New SEEd Chair of Trustees Cathy d’Abreu reflects on the challenges
of bringing about positive change.
Drumbeats for change
There are so many drums beating for change globally that we can be forgiven for sometimes finding it a little overwhelming. The urgent rhythms demanding action on the deepening climate crisis, climbing social inequalities and devastating biodiversity loss grow ever faster. The clashing cymbals of the COVID crisis have cranked up the dial on the acute disadvantages, degradations and deficiencies within our human and natural systems. Beats from the #me too movement, #everyone’s invited, Black lives Matter to the terrible war in Ukraine, to name a few, evidence an insistent, groundswell demanding change for a fairer, fitter future.
Making change happen: challenging “the stories we live by”
What feels much less clear sometimes is how we can go about facilitating these changes. Within the world of sustainability education, there is much discussion on empowering learners, encouraging action, driving change. And this too can feel a little overwhelming. Where and how can we effect change? At school, at work, at university, as a parent or grandparent, a carer? How can we really be changemakers? Can we be part of the change we need to see?
The short answer is yes! We can, and to do this we need to learn more about the nuts and bolts of change and the pivotal role of education, as Nelson Mandela’s oft quoted “Education is the most powerful weapon we can use to change the world” confirms. We need to individually and collectively challenge and change the cultural narratives, what Arran Stibbe refers to as ‘the stories we live by’, that have landed us here in the Anthropocene. Katy Wheeler, academic, mother and SEEd trustee talks of the importance of this “interdependence between us and the wider systems (environmental, economic and socio-cultural) we operate within” in her call for ‘Education as if People and Planet matter’. We are the actors in those stories.
There have been crystal clear communications on the direction we urgently need to move in. From Greta Thunberg’s ‘our house is on fire, I want you to panic’, to Bill Mckibben’s ‘we need to stop burning things’ – the recognition of the need to change our present systems comes from many sides. The UN Sustainable Development Goals SDGS present an aspirational vision of what we are aiming for but how do we make a difference?
- When we challenge economic models of infinite growth on a finite planet, hockey stick growth curves driving businesses and corporations, we can make a difference by fostering sustainability thinking and a sustainability mindset (Rimanozcy, 2021). Championing in their place regenerative, circular economy frames, Doughnut Economics and sustainable business practices that reframe what is valued.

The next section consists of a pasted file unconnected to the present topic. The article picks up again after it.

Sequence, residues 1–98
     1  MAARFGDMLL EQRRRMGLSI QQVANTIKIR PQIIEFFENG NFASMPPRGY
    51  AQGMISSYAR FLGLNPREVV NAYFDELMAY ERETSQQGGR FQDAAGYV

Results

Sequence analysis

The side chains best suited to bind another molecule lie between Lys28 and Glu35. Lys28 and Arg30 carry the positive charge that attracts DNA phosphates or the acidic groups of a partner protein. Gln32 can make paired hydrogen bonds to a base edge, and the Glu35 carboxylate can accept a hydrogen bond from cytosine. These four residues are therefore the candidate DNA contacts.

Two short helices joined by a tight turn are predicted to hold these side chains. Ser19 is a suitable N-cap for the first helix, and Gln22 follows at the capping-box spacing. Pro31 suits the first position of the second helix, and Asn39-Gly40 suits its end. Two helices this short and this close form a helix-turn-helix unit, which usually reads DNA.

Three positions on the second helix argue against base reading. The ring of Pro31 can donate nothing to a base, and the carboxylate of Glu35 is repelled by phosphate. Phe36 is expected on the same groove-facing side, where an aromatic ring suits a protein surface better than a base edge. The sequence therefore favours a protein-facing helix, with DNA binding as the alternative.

- When we call out social inequalities; the lack of access to quality education, healthcare, housing, equal opportunities, decent employment and the chance to thrive regardless of race, culture, creed or background, we can make a difference by supporting sustainability learning, decolonising our spaces, recognizing and respecting difference, always working from a social justice vantage point.
- When we hotly contest a vision of humankind’s place in nature as one that is separate, superior or intrinsically selfish, we can make a difference by developing a sustainability ‘heartset’. Cherishing, conserving and celebrating biodiversity and replacing extractive exploitation of the earth’s precious resources.
When we tell these stories, we consciously move from ‘because I’m worth it’ to ‘because we are worth it’, as Julie Ward’s letter to the earth highlights so eloquently, “The first lesson must be the importance of ‘We’ not ‘I’. We are the people that make up the structural systems, and therefore we collectively can be the force for change.
The first steps can sound deceptively simple. The need to reflect on our own part in supporting or dismantling unsustainable ‘stories’. What Wals called ‘unlearning unsustainability’; reflecting on and talking about the impacts of our own choices and actions on people and planet, and sharing these with others in the worlds we form part of; our schools, workplaces, social and community groups. We need to personally engage with the systems that need changing, not just intellectually but emotionally too. The fact that you are reading this blog and part of SEEds 5,000 newsletter readers, engaging with sustainability and environmental education, shows that you are already part of rewriting these stories!
Recognising ‘the rub’ is pivotal to change